Different sources refer to these groups with different names, using NGOs, Civil Society Organizations (CSOs), Private Voluntary Organizations (PVOs), charities, non-profits charities/charitable organizations, third sector organizations and so on.

These terms encompass a wide variety of groups, ranging from corporate-funded think tanks, to community groups, grassroot activist groups, development and research organizations, advocacy groups, operational, emergency/humanitarian relief focused, and so on.

Since the 1970s, it has been noted how there are more non-governmental organizations than ever before trying to fill in the gaps that governments either will not, or cannot.

Note that there is an increasing number of organizations from developing countries, doing important work, helping to raise important issues or tackle various problems.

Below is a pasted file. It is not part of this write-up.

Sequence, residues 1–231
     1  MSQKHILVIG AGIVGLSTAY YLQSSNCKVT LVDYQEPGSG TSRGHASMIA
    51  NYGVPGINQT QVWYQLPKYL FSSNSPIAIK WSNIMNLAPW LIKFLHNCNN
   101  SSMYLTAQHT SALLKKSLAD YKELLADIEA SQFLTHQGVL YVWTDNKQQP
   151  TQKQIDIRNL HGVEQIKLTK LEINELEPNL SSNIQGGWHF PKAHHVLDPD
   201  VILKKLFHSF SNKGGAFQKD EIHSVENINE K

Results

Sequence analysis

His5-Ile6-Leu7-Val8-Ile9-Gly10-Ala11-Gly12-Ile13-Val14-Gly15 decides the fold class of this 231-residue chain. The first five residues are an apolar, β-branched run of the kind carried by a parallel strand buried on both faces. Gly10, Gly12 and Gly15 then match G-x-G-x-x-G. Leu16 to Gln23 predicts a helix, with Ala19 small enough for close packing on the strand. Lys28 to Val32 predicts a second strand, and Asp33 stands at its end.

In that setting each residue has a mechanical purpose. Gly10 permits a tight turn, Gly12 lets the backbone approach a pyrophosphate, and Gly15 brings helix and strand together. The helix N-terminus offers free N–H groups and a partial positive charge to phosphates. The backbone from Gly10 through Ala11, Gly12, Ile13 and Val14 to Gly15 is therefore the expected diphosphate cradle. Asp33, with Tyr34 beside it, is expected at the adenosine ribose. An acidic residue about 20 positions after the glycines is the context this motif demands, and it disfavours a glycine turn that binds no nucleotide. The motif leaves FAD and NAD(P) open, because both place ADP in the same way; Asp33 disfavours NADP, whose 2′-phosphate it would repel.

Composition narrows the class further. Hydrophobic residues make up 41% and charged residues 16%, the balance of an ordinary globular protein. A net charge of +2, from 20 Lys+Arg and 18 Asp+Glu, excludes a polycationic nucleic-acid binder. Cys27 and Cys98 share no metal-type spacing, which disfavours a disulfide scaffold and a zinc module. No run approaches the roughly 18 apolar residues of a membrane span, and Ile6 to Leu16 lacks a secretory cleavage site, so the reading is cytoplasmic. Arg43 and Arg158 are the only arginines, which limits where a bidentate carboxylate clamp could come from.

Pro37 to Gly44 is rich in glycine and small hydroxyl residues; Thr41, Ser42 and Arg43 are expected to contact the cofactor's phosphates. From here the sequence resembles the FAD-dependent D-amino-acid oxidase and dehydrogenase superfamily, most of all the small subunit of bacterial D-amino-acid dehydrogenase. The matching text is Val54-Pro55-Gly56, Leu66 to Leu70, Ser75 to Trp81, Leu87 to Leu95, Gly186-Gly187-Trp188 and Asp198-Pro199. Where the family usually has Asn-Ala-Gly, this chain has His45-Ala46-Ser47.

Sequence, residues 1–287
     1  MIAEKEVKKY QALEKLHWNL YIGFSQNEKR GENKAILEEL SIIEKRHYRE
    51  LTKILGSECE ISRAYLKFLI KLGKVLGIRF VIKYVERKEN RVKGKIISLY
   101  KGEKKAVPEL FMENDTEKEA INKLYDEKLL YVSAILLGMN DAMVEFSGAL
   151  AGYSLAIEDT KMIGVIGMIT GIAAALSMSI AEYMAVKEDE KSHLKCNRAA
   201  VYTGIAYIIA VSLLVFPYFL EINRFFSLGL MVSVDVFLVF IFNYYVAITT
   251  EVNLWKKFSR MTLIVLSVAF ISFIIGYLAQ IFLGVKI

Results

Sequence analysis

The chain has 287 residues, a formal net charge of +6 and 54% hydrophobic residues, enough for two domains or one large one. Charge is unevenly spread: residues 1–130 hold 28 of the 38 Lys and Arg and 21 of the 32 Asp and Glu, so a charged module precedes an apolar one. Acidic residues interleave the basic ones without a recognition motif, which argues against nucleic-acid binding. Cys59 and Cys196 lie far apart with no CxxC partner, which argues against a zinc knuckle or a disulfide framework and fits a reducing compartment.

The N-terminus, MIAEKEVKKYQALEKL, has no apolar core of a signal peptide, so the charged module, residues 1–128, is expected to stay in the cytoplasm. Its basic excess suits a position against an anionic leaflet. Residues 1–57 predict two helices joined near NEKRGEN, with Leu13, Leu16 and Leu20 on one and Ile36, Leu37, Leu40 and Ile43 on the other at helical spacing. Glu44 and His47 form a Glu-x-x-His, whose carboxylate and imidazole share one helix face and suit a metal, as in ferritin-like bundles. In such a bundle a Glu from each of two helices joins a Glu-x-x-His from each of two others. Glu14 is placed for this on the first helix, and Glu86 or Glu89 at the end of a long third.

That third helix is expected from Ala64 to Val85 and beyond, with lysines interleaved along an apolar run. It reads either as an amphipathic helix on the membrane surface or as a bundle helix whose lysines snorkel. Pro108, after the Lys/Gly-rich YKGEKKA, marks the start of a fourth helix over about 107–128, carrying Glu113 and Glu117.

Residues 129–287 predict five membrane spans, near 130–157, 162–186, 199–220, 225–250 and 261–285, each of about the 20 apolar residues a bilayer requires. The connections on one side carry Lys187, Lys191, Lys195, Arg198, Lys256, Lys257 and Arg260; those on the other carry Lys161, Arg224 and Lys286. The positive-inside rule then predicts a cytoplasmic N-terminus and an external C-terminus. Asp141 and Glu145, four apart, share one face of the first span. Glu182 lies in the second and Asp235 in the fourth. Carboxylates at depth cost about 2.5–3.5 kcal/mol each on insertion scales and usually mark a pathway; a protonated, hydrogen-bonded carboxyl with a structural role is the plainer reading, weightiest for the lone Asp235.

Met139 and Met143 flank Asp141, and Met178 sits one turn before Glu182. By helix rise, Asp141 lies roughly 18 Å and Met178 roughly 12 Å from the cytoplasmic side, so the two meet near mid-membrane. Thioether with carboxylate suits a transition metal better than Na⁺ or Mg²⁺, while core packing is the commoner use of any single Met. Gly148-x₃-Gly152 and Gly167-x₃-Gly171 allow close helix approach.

In recent years as well, development and environmental NGOs for example, are learning that they can be more effective, and their work can have more positive effects, if they work with the actual communities and help them to empower themselves. Working at the grassroots level helps to provide assistance directly at the source. .” Shah, Anup. “Non-governmental Organizations on Development Issues.” Global Issues. 01 Jun. 2005

Without a treasury, a legislature or an army at its disposal, civil society is less equipped to confront the challenges of globalization than nations are, and more likely to be wracked by divisions based on region and the self-interest of the single-issue groups that form the nucleus of the civil society movement. David Rieff,

A lot of official aid raised and distributed by NGOs, in the past has been based intentionally, or unknowingly, on foreign policy objectives, or the interests of the lenders, less of the recipients. Aid has often led to excessive dependency or reliance on aid rather than helping nations move away from this.